Yidum was mentioned to me today. Specifically this article by David Chapman describes the concept: https://vividness.live/2017/02/09/yidams-a-godless-approach-naturally/.
You “become” the yidam in meditation by visualizing yourself in their form, and by replacing your ordinary mind with their enlightened mind.
The article further describes the nature of appropriate Yidams to embody. These include people: dead or living (though living is tricky). Yidams don’t even have to have ‘existence’ in the first place. For instance: mythical beings, gods, fictional people.
Vajrayana Buddhism (Buddhist tantra) describe Yidam as being highly specific beings. In other words: they are not Jungian archetypes of various virtues. Instead, traditional Yidams have extremely specific characteristics. Why this is important is not immediately clear to me but may be related to ease to visualize something with detail AND to know if you’ve made a mistake.
This advice is not something to mess around with given a Yidam with an cultural/evolutionary history – try to visualize the Yidam in as much detail as it is… described? Perturbations of the Yidams are tested in different iterations of visualizations by the same and different people. Those that ‘succeed’ are passed on as successful variations of the Yidam. Otherwise the variation dies from lack of cultural transmission. Don’t mess around with an evolutionary process.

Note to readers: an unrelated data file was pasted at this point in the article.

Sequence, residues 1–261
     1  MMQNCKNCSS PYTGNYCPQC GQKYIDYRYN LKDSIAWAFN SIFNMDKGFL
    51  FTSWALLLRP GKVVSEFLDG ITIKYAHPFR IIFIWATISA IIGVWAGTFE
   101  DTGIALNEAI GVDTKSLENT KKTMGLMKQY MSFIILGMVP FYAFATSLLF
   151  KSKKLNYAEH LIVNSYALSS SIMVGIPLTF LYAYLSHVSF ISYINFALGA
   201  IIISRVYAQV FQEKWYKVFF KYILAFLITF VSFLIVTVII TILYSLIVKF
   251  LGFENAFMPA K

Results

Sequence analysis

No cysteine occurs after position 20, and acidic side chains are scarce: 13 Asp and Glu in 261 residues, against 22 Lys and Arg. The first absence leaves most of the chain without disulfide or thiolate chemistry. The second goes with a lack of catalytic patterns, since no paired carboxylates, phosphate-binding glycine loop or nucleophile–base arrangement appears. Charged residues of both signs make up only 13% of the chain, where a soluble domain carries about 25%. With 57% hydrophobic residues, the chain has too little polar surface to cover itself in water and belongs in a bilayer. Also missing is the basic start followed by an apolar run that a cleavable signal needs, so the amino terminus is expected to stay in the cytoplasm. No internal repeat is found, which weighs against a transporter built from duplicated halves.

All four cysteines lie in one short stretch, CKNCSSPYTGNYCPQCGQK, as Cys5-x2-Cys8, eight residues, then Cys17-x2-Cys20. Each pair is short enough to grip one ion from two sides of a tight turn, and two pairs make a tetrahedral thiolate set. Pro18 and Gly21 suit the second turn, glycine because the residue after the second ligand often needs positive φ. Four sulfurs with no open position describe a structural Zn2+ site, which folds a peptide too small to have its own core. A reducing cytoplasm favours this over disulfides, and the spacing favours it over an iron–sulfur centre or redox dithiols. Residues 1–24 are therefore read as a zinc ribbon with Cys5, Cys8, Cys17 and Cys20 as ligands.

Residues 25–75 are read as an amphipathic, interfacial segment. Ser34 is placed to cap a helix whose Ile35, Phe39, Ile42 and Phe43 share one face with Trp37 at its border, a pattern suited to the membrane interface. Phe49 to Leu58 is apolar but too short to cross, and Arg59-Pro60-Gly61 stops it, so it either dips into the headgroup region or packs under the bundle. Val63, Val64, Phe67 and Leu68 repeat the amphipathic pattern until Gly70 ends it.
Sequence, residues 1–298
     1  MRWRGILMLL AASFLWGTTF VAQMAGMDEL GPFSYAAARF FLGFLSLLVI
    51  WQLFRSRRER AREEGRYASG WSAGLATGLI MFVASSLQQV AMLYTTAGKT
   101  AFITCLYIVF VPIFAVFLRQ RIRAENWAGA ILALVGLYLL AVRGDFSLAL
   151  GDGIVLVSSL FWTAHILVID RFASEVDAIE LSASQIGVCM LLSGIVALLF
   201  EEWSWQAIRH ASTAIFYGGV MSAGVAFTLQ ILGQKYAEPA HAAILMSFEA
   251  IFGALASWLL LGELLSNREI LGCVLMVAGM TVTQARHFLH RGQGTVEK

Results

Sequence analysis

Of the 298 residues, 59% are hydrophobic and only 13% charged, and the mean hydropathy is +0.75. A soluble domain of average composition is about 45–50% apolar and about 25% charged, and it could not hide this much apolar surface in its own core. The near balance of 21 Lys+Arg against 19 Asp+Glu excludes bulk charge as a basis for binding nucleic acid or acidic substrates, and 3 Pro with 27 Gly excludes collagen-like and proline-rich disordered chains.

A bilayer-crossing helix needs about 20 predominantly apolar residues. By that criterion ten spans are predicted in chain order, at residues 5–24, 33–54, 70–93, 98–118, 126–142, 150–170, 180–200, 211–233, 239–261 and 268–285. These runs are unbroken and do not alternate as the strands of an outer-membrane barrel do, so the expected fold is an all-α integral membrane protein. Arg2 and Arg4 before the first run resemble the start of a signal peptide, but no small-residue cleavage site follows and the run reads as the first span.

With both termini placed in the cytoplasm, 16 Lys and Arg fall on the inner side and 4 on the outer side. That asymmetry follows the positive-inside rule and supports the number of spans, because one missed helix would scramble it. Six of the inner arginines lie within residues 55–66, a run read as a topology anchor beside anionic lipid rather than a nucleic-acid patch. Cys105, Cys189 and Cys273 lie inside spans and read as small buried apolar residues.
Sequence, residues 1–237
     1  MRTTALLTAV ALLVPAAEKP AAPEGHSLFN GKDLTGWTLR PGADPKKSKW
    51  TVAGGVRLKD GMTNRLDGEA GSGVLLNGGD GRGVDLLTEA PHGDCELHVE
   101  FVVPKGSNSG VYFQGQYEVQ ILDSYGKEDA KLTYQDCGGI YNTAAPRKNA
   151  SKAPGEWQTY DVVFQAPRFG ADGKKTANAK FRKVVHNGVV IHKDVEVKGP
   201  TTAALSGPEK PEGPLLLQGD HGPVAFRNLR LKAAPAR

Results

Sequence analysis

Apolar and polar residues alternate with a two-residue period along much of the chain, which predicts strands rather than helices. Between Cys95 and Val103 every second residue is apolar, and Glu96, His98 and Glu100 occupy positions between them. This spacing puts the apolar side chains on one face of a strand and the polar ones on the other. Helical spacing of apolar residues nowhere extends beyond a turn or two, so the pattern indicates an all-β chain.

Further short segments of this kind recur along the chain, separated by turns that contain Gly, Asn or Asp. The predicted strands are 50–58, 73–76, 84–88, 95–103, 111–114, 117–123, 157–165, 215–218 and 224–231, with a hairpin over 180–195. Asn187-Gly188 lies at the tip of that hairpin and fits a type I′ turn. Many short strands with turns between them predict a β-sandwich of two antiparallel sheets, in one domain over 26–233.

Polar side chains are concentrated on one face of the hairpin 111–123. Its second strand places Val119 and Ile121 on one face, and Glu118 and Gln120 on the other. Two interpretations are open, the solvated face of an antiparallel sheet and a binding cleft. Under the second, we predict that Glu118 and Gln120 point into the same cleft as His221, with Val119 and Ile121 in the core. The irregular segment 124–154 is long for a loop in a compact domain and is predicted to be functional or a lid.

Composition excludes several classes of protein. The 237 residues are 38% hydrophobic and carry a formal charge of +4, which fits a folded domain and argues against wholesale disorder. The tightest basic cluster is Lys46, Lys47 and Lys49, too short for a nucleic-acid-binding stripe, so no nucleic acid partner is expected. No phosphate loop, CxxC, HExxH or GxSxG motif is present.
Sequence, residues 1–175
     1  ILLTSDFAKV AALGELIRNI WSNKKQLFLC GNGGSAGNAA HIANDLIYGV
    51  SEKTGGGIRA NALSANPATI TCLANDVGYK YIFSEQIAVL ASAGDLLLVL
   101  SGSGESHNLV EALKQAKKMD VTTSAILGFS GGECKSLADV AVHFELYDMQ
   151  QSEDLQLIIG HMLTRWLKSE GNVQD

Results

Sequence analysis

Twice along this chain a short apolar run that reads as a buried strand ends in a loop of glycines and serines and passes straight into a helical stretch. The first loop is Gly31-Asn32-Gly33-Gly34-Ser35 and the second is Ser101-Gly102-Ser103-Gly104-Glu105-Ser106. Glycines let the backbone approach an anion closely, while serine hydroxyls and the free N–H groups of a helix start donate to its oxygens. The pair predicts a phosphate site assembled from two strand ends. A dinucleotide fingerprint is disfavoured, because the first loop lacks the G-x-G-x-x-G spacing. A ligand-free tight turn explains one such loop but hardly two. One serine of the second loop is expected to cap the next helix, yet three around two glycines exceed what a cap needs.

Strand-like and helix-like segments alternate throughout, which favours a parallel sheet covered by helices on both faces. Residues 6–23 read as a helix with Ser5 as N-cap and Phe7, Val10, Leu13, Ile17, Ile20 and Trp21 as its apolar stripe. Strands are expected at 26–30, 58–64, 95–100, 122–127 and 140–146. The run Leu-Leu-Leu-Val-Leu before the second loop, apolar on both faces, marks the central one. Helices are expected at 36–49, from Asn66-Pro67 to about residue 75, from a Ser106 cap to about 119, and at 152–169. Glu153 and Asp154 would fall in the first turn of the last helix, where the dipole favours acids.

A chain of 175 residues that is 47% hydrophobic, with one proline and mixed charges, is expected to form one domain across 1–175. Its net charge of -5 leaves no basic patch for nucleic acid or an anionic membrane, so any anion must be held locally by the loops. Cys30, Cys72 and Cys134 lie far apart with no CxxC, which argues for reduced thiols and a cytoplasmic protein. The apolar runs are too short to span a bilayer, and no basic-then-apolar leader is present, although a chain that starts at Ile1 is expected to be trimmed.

So Yidams are interesting. Minds that can take on, embody, a Yidam are weird.
What struck me when first learning about the existence of Yidam was that they are remarkably similar to the persona that actors immense themselves in during a play. The difference is in the state of mind you begin with before immersing yourself into another being. Makes me want to read Impro: Improvisation and the Theatre.
To get into the Yidam involves retreating from the world via a meditation practice. This means Yidam requires a very dormant and/or lack of self within consciousness. Unlike an actor which probably has many more levels of self in his or her awareness as they don a particular mask of a character.
What is the implications? Becoming a Yidam may involve far more speading of another being within your mind compared to that of an actor’s persona. No inhibitions from thoughts that ‘this is not I’ but acceptance. Perhaps also people under hipnosis may… suffer?… a similar state of mind as a well practiced meditator does when imagining themselves as a particular Yidam.
Particularly seems useful when asking the question “what would an enlightened person do?”. The article strongly suggests to only use enlightened Yidam. Imagining yourself as a person you’d more rather be. But in Yidam practice, there’s no ‘I’ in the way of this imagining. No fear but acceptance.
And perhaps when the practitioner returns to themselves, a bit of the enlightened Yidam remains.